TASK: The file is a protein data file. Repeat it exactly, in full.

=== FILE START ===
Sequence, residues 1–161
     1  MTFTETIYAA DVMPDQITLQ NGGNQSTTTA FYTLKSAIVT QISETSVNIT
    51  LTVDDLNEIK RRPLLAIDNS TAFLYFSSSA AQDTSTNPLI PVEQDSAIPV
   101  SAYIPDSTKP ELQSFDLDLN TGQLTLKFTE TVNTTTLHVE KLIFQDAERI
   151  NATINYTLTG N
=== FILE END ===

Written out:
Sequence, residues 1–161
     1  MTFTETIYAA DVMPDQITLQ NGGNQSTTTA FYTLKSAIVT QISETSVNIT
    51  LTVDDLNEIK RRPLLAIDNS TAFLYFSSSA AQDTSTNPLI PVEQDSAIPV
   101  SAYIPDSTKP ELQSFDLDLN TGQLTLKFTE TVNTTTLHVE KLIFQDAERI
   151  NATINYTLTG N